At stake can be the unity of the congregation and denomination. There is no simple solution to this problem. Most conservative congregations do not experience this problem. Belief among the laity and clergy is much more homogeneous. Very liberal denominations welcome and value diversity of opinion; differences in belief are not threatening to them.

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Examples of intra-denominational conflict:

bulletStarting in 1996, the Presbyterian Church (USA) has experienced major conflicts over gay / lesbian ordinations and union ceremonies. Membership votes reveal a major split: The northern presbyteries on the East and West coast voted solidly in favor of homosexual inclusive policies; the Southern Presbyteries voted solidly against; the Midwest is split.
bulletThe Episcopal Church is currently undergoing a major strain. The Episcopal Synod of America (ESA), a renewal group representing conservative elements within the denomination are in effect creating a parallel Episcopal Church within the United States. They were motivated primarily over sexual matters: the ordination of women, and the gradual shift within the original Episcopal Church towards the ordination of gays and lesbians.

The Roman Catholic Church is not normally considered a mainline denomination, and is certainly not Protestant. But its experience is similar to mainline Protestant denominations. Is is going through a period of considerable internal dissention:

bulletThe Roman Catholic Church forms the largest single Christian denomination in North America. Their dissention is  largely related to sexual matters: female ordination, married clergy, birth control, abortion, pre-marital sex, etc. Here the split is largely between the People of God (the general church membership) and Vatican policy.

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How denominations handled past internal conflicts:

There have been a few topics that have seriously divided mainline denominations in the past. Perhaps the four most important were frictions between:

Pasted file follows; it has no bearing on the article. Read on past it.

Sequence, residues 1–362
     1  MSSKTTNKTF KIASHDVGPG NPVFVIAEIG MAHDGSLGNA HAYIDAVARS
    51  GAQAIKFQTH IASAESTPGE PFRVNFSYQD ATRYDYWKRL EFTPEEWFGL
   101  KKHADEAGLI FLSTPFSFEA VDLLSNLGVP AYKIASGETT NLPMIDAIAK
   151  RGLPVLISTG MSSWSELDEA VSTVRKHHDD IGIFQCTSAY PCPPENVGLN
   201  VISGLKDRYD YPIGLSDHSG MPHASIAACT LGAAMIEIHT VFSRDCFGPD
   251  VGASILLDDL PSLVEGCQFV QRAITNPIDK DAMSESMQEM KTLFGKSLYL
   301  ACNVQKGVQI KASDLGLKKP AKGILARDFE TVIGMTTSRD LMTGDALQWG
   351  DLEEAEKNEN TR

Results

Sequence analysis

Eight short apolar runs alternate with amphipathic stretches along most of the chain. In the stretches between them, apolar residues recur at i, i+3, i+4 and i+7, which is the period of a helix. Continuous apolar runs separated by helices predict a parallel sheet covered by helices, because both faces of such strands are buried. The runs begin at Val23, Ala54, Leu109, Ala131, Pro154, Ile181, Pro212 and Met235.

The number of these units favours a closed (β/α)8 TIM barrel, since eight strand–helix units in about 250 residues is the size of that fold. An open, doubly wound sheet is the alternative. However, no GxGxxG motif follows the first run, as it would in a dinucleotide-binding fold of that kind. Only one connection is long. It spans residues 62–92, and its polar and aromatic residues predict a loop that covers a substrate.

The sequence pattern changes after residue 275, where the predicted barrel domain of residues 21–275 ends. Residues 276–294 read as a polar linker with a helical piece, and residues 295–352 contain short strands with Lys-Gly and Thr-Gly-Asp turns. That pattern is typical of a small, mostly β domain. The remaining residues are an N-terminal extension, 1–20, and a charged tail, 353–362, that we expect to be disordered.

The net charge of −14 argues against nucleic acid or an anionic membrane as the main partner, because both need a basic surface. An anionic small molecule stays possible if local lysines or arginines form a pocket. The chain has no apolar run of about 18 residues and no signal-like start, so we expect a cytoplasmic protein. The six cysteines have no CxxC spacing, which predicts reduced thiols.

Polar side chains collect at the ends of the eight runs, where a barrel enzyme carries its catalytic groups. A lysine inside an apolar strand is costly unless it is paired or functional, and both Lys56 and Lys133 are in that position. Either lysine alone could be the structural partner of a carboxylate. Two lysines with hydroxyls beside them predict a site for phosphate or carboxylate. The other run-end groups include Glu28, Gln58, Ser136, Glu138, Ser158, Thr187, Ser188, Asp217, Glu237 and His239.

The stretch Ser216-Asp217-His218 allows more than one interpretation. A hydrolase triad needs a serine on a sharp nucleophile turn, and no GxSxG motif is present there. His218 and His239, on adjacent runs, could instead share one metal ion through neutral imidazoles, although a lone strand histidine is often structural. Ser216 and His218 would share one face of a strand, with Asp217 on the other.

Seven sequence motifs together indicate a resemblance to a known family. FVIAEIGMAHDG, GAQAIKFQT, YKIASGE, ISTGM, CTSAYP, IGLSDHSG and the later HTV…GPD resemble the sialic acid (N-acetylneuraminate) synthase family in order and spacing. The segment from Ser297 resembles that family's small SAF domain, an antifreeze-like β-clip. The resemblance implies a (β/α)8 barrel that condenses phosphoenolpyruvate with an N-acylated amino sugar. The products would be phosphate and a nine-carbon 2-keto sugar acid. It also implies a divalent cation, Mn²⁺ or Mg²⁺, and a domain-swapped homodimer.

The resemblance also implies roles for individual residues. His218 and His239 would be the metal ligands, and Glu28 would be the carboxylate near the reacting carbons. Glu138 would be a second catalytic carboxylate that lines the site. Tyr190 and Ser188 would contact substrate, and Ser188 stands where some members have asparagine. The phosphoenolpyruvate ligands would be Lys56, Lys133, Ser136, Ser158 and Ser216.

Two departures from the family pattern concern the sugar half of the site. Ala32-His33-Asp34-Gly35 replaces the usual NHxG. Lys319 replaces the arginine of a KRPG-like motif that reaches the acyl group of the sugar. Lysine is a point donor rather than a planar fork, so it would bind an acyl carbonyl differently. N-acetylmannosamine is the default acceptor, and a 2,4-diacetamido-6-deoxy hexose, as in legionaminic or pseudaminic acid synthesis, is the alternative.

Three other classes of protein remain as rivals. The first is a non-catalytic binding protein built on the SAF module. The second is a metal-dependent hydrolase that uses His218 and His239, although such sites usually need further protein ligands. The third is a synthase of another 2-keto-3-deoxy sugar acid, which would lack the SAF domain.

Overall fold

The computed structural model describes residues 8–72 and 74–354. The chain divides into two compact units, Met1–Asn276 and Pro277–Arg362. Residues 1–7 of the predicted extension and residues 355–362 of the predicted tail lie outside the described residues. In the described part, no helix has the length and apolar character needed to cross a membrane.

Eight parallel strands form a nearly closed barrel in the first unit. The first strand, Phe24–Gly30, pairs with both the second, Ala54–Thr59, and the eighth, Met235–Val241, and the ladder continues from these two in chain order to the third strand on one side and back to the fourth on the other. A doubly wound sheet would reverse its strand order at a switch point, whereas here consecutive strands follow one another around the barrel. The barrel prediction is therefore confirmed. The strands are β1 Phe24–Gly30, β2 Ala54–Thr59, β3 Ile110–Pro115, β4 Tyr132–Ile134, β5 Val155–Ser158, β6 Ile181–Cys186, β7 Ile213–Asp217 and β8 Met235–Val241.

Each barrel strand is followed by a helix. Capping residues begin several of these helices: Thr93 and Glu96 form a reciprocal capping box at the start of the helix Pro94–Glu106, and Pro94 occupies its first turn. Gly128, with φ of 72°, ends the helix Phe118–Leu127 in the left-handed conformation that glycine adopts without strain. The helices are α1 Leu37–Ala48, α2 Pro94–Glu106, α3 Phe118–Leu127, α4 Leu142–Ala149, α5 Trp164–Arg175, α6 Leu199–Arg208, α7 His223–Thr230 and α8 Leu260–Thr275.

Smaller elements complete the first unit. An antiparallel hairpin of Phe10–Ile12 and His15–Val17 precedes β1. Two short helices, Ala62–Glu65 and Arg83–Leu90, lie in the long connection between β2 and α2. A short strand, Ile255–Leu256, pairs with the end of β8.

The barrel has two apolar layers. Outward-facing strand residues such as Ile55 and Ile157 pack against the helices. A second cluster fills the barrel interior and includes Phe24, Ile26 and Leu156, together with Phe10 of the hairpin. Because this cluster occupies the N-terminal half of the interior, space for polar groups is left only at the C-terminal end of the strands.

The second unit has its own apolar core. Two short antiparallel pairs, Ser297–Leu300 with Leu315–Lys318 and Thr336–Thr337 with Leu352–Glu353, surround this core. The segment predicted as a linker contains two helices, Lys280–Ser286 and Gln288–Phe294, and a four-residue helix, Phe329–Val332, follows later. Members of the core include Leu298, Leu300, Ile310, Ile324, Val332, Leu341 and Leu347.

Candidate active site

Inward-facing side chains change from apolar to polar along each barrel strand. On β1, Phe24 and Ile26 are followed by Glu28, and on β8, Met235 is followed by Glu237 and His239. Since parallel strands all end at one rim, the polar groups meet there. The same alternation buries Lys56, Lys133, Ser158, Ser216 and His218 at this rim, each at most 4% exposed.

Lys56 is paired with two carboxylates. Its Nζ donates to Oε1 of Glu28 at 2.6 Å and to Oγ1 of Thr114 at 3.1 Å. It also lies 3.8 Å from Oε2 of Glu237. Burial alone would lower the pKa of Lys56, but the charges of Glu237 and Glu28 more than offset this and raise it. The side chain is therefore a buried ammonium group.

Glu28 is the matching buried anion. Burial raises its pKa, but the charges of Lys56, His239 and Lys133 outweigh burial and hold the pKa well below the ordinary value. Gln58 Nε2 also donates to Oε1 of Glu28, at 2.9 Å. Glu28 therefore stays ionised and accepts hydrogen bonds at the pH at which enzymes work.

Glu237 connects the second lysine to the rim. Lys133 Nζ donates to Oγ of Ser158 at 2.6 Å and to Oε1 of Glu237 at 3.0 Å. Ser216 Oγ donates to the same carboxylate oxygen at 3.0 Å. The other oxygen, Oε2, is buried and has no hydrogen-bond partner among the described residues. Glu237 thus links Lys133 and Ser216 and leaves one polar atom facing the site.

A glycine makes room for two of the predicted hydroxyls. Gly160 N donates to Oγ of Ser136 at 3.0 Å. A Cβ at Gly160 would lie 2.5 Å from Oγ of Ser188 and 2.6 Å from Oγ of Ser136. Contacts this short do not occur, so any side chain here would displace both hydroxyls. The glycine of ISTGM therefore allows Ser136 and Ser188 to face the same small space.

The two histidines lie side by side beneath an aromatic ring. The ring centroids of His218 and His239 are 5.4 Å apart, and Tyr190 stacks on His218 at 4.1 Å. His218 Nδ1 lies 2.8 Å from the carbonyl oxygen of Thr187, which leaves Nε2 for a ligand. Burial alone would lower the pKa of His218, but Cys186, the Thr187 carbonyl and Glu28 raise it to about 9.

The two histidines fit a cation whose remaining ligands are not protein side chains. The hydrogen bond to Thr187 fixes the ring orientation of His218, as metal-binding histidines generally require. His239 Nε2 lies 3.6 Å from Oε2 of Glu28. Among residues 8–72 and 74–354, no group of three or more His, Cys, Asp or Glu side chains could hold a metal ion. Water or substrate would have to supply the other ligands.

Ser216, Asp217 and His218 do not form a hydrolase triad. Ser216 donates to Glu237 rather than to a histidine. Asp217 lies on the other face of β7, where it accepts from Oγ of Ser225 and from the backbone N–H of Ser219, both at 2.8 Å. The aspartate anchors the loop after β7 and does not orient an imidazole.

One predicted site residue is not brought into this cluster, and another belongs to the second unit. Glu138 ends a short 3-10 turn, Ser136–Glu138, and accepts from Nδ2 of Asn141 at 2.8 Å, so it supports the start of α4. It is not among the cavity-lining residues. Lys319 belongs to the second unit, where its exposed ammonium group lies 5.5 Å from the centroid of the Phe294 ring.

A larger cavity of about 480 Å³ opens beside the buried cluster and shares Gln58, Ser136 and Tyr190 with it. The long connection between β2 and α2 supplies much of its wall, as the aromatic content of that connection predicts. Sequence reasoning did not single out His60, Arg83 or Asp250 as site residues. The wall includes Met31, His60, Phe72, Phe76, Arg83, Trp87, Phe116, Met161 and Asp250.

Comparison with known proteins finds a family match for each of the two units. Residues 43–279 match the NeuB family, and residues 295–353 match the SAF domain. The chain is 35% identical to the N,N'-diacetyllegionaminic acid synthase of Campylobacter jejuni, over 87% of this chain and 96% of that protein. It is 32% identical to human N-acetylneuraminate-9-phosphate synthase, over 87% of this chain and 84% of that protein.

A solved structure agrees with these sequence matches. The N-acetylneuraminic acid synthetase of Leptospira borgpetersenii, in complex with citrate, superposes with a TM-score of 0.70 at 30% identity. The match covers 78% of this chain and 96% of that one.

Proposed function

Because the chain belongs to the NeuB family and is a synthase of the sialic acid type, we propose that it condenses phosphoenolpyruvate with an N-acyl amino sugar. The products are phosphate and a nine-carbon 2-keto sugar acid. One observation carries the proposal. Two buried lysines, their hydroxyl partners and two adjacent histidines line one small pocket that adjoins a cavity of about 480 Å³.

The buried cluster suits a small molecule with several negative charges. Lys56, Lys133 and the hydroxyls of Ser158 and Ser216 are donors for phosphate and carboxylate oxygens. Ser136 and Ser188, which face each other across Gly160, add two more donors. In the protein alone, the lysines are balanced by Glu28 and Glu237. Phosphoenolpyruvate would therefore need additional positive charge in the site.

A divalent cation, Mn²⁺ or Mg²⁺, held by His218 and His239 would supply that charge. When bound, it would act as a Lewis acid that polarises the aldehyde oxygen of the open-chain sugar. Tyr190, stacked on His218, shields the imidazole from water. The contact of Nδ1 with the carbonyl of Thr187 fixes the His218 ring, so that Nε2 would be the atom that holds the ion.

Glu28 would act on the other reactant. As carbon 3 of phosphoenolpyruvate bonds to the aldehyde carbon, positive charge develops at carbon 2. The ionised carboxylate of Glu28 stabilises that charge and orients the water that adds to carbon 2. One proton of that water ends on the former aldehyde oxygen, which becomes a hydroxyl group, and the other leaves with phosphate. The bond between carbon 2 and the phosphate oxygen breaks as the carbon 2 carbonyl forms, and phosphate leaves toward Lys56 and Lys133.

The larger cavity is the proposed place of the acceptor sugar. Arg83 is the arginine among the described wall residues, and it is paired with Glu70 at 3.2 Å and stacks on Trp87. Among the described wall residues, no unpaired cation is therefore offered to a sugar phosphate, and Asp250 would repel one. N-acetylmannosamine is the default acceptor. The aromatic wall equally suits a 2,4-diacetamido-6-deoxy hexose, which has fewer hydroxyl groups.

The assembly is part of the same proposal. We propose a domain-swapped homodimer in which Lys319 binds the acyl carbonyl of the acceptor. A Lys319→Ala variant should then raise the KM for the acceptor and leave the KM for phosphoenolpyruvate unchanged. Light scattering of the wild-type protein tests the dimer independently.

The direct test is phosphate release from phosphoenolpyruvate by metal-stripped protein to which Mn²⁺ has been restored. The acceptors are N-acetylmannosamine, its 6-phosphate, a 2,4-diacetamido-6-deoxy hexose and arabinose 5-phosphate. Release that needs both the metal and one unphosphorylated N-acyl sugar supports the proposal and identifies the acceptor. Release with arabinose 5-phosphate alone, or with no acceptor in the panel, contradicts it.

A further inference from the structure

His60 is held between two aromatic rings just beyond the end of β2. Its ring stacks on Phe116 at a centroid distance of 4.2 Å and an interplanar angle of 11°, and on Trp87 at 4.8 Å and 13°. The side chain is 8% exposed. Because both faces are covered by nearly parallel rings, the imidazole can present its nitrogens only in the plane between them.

bulletThose who believed that the owning of slaves was permitted on theological grounds, and wanted the institution of slavery to be continued, vs. the abolitionists.
bulletThose who believed that the Bible prohibits female ordination, and those who wanted the clergy to be open to all competent heterosexuals who feel a call to the ministry -- both men and women.
bulletWhether the Bible should be interpreted as the inerrant Word of God, or as a historical document subject to critical analysis.
bulletThose who believed that God favored segregation on the basis of race, and those who favored racial integration.

History has shown that mainline denominations have been able to accommodate considerable internal division over long periods of time. However, conflict can become so serious and prolonged that a schism was the only way to resolve the debate. Schism is now being actively discussed in some mainline denominations, mainly concerning the role of gays and lesbians within the denomination.

This series of essays in this section will deal mainly with internal conservative-liberal conflicts within mainline denominations. 

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Copyright © 2002 incl., by Ontario Consultants on Religious Tolerance
Latest update: 2002-JUL-6
Author: B.A. Robinson